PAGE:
In my last post on the book Radical, I shared David Platt’s convicting thoughts about how many Christians ignore what Jesus said about what it really means to follow Him. Instead, we choose to mold Jesus into a “nice, middle-class, American Jesus . . . who doesn’t mind materialism and who would never call us to give away everything we have” (p. 13). As convicted as I was by these words, I was even more convicted by Platt’s discussion of the result this misunderstanding of true discipleship.
Platt writes: “While Christians choose to spend their lives fulfilling the American dream instead of giving their lives to proclaiming the kingdom of God, literally billions in need of the gospel remain in the dark” (p. 14).
While we are busy accumulating stuff and ensuring our comfort, BILLIONS are perishing apart from Christ. Do we care? Do I care? Do I care about the eternal implications for my family member who doesn’t know Christ? Do I care about the people of Bhutan, a small country between China and India that I read about this morning with my kids, where the government (a Buddhist kingdom) lets very few foreigners inside the country and any Christians who make it in are forbidden to talk about Christ?
If I say I care, do I back it up with actions? With my checkbook? With my prayers?
Another large group of people paying the price for our failure to follow Christ properly are the poor. Platt writes: “Consider the cost when these Christians gather in churches and choose to spend millions of dollars on nice buildings to drive up to, cushioned chairs to sit in, and endless programs to enjoy for themselves. Consider the cost for the starving multitudes who sit outside the gate of contemporary Christian affluence” (p. 15).
Platt writes about two headlines he saw in a Christian publication in 2004. On the cover, the left headline read: “First Baptist Church Celebrates New $23 Million Building.” On the right, the headline read: “Baptist Relief Helps Sudanese Refugees” and the article explained that $5,000 had been raised to help refugees in western Sudan. Platt concludes: “Where have we gone wrong? How did we get to the place where this is actually tolerable?” (emphasis mine, p. 16)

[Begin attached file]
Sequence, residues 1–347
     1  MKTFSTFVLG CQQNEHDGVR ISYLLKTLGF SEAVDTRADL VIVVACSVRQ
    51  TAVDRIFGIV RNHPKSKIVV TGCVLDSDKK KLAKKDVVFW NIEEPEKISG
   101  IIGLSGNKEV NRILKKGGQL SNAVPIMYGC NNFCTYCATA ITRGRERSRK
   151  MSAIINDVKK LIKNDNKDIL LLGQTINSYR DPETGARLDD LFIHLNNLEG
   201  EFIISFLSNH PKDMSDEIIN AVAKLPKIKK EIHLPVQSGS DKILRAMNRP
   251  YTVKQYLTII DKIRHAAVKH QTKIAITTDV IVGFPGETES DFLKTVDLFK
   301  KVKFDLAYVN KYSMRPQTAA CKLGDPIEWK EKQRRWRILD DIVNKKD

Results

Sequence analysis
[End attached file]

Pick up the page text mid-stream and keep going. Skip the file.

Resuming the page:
This example makes me crazy. What are these people thinking? But then I look at myself. I don’t have $23 million to spend on myself, but if I did, I’m sure I would. If I published the amount of money I spend on myself on one side of the front page and the leftovers I give to the poor on the other side, what would my headlines read? Do my public and private lives honor the Lord Jesus Christ and my commitment to follow Him on His terms? What is the cost of my non-discipleship in the lives of those around me, both near and far?
These are tough questions, and I encourage you to wrestle through them with me by buying this book and reading it. In fact, my bloggy friend Marla is hosting a Radical read-a-long, if you’re interested. I know I can’t wait to hear what others have to say about how God is using this book in their lives.Share
A very challenging post! We are doing a sermon series at church on Money and this is very timely for me. I have also been challenged lately to look at how I spend my time and energy. Comfort and pleasure have become my idols, much as I hate to admit it. So … Some hard thinking to do, and then some more thought and plans to put theory into practice and make some real changes.
Marla Taviano says
I’ve got to stop saying I care without backing it up. Jesus, help me!!
If I published the amount of money I spend on myself on one side of the front page and the leftovers I give to the poor on the other side, what would my headlines read?
Yikes, I cringe at the thought. It’s easy to point the finger at “the other guy” and forget that I am the guilty one. Good intentions don’t get us very far do they?
Glad you’re on this journey too!